What is future of Afghanistan since Taliban’s are back1

After 20 years of war, the Taliban have won in Afghanistan.

The fighting has been going on for 40 years – most Afghans can’t remember a time of peace.

The group captured Kabul on August 15 and completed its surprisingly rapid advance across the country.

After 20 years of war, the Taliban have won in Afghanistan.
After 20 years of war, the Taliban have won in Afghanistan.

It came after an agreement was reached between the United States and the Taliban following the withdrawal of foreign troops from Afghanistan, two decades after US forces ousted the militants in 2001.

Tens of thousands have been killed and millions displaced in the conflict.

Taliban forces have vowed not to allow Afghanistan to become a base for terrorists who could pose a threat to the West.

But questions are already being asked about how the group will govern the country, and what their rule means for women, human rights and political freedoms.

Why did the United States fight the war in Afghanistan and why did it last so long?

Back in 2001, the United States was responding to the 9/11 attacks on New York and Washington, which killed about 3,000 people. Authorities have blamed Islamist militant group al-Qaeda and its leader, Osama bin Laden.

Bin Laden was in Afghanistan, under the protection of the Taliban, the Islamists who have been in power since 1996.

When they refused to hand him over, the United States intervened militarily, removing the Taliban immediately and vowing to support democracy and eliminate the threat of terrorism.

The militants slipped and later reorganized.

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NATO allies joined the United States and a new Afghan government took power in 2004, but deadly Taliban attacks continued. President Barack Obama’s “troop increase” in 2009 helped push the Taliban back, but not for long.

In 2014, the bloodiest year since 2001, NATO’s international forces ended their combat mission, leaving security responsibility to the Afghan army.

After 20 years of war, the Taliban have won in Afghanistan.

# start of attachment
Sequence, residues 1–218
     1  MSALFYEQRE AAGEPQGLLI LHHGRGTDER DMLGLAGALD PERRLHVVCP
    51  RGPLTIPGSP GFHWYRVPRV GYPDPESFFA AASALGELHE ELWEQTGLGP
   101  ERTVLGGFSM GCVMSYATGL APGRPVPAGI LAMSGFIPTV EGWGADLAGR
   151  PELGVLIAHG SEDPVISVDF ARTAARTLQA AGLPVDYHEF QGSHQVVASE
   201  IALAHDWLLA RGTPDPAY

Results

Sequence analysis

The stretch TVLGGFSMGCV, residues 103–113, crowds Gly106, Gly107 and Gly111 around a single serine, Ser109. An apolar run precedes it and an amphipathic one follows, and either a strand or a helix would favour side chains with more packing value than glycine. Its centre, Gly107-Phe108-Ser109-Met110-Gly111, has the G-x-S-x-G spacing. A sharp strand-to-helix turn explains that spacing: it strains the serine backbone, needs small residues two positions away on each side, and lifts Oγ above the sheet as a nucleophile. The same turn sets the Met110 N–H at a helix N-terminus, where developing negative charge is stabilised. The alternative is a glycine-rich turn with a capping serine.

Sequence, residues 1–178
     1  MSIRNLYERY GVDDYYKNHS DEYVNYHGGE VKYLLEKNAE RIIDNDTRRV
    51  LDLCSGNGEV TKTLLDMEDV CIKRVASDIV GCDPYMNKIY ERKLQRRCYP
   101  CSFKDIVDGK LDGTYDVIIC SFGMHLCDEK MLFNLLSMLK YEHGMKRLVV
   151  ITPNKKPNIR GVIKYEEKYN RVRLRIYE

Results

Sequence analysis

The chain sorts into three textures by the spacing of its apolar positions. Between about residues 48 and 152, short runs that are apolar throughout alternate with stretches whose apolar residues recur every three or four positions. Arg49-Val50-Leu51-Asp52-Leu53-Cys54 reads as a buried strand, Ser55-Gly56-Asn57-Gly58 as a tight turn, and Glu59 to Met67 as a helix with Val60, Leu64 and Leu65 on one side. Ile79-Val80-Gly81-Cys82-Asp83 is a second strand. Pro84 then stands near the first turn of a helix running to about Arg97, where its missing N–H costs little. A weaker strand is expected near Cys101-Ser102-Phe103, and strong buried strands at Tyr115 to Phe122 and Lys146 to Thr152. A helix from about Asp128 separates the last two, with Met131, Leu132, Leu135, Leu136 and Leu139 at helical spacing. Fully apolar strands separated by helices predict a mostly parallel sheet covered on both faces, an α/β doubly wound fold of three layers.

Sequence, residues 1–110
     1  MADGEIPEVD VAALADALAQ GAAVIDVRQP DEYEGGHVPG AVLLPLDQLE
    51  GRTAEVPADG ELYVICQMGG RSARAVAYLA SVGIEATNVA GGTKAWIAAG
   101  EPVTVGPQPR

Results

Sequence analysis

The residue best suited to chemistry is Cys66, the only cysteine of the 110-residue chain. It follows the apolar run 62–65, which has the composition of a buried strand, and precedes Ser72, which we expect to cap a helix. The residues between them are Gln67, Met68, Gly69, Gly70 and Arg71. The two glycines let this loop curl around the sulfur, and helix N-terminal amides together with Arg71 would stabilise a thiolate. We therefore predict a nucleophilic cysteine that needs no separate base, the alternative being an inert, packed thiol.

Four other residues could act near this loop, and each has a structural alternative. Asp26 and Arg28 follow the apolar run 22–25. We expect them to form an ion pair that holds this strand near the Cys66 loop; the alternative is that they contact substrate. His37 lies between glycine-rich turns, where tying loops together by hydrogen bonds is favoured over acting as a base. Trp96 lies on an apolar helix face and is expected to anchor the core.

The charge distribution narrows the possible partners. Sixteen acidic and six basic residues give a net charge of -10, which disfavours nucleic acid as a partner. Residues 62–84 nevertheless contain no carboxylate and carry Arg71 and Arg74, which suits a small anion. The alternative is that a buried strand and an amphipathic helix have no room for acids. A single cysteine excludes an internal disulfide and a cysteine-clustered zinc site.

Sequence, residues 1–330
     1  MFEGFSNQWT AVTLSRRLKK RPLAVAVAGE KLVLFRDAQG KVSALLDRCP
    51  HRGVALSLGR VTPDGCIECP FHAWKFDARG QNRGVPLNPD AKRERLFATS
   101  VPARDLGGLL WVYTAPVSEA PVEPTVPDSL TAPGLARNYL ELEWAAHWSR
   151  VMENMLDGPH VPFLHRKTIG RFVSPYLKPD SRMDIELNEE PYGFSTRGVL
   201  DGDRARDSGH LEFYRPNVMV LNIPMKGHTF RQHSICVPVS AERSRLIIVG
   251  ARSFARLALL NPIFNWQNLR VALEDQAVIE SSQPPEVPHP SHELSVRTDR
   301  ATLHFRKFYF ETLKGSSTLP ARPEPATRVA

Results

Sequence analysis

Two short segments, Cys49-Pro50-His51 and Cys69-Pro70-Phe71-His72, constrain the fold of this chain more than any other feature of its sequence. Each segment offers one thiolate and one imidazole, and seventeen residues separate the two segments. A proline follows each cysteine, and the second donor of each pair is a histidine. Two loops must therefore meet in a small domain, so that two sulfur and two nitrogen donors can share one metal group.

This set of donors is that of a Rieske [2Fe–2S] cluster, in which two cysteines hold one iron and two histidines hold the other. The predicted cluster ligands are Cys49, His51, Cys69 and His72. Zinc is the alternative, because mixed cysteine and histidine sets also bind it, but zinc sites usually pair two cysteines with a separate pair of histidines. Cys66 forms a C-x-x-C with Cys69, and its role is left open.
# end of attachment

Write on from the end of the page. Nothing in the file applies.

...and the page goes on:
After 20 years of war, the Taliban have won in Afghanistan.

It pushed the Taliban and they took more territory.

Peace talks between the United States and the Taliban began temporarily, the Afghan government was largely unresolved, and an evacuation agreement was reached in February 2020 in Qatar.

The US-Taliban agreement did not stop Taliban attacks – they focused on Afghan security forces and civilians and targeted killings. Their areas of control increased.

Twenty years of conflict in Afghanistan – what happened in 2001?

Since 9/11, heavy fighting on the ground, and now the complete withdrawal of US-led forces, has happened here.


11 September 2001

Al-Qaeda, led by Osama bin Laden, were the largest terrorist attacks in Afghanistan.

Four commercial planes have been hijacked. Two were blown up at the World Trade Center in New York, which collapsed. One hits the Pentagon building in Washington, and one hits a Pennsylvania field. About 3,000 people have been killed.

First Air Strikes

7 October 2001

The US-led coalition is bombing Taliban and al-Qaeda installations in Afghanistan. Targets include Kabul, Kandahar and Jalalabad.

The Taliban, who came to power after a decade-long Soviet occupation and then fought a civil war, refused to hand over bin Laden. Their air defense and small fleet of fighter jets have been destroyed.

Fall of Kabul

13 November 2001

A group of anti-Taliban insurgents backed by coalition forces enters the Northern Alliance Kabul as the Taliban flee the city.

Coalition-backed Northern Alliance fighters return to Kabul in tanks.
Image caption Coalition-backed Northern Alliance fighters return to Kabul aboard tanks as Taliban retreat. Image copyright by Getty Images
As of November 13, 2001, all Taliban have either fled or become neutral. Other cities fall faster.

New Constitution

26 January 2004